|Preferred IUPAC name
3D model (JSmol)
CompTox Dashboard (EPA)
|Molar mass||320.253 g·mol−1|
Except where otherwise noted, data are given for materials in their standard state (at 25 °C [77 °F], 100 kPa).
Ampelopsin, also known as dihydromyricetin and DHM, when purported as an effective ingredient in supplements and other tonics, is a flavanonol, a type of flavonoid. It is extracted from the Japanese raisin tree and found in Ampelopsis species japonica, megalophylla, and grossedentata; Cercidiphyllum japonicum; Hovenia dulcis; Rhododendron cinnabarinum; some Pinus species; and some Cedrus species, as well as in Salix sachalinensis.
Hovenia dulcis has been used in traditional Japanese, Chinese, and Korean medicines to treat fever, parasitic infection, as a laxative, and a treatment of liver diseases, and as a hangover treatment. Methods have been developed to extract ampelopsin on a larger scale, and laboratory research has been conducted with the compound to see if it might be useful as a drug in any of the conditions for which the parent plant has been traditionally used.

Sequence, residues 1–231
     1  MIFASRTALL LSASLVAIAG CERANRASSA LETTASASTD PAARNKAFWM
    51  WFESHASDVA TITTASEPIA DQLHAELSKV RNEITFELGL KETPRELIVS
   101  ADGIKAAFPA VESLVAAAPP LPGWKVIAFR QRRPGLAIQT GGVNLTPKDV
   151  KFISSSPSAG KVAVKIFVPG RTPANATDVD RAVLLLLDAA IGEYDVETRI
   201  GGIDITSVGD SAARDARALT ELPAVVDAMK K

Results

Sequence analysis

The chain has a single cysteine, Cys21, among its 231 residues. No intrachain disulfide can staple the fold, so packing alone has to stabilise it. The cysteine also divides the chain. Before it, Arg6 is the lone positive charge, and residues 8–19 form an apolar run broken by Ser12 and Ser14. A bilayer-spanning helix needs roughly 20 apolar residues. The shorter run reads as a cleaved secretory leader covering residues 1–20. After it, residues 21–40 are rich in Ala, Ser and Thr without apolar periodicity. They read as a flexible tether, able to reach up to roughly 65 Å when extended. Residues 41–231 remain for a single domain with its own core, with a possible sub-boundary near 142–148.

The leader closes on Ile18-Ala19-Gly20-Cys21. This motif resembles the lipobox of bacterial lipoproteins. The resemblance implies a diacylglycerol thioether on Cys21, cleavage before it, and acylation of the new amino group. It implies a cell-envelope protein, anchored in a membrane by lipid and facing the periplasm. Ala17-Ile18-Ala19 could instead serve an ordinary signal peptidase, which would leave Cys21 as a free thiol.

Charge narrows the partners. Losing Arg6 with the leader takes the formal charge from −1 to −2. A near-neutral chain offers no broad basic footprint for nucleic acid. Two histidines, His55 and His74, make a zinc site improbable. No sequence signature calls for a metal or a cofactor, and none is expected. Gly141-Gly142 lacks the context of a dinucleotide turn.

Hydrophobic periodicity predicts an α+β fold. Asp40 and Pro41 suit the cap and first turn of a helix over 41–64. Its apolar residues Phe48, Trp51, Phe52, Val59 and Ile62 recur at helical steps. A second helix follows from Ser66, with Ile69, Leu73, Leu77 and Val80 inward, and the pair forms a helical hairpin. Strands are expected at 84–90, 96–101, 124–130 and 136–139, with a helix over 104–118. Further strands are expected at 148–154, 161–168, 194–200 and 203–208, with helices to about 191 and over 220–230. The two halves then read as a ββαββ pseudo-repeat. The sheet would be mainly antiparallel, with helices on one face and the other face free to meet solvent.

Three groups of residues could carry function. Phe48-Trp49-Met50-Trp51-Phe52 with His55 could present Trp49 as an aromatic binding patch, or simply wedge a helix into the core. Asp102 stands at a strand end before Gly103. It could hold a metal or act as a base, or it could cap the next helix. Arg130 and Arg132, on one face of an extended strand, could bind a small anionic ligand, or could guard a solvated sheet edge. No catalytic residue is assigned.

Research suggests that DHM protects against DOX-induced cardiotoxicity by inhibiting NLRP3 inflammasome activation via stimulation of the SIRT1 pathway.
In a trial of 60 patients with "nonalcoholic fatty liver disease," dihydromyricetin improved glucose and lipid metabolism and yielded potentially beneficial anti-inflammatory effects.
A study of rats demonstrated pharmacological properties of DHM which suggest it would be a therapeutic candidate to treat alcohol use disorders.
Dihydromyricetin shows poor bioavailability which limits its potential medicinal applications.
Additional research is required before claims of human efficacy and application, necessary dosage, and solutions to poor bioavailability, are met with scientific validation.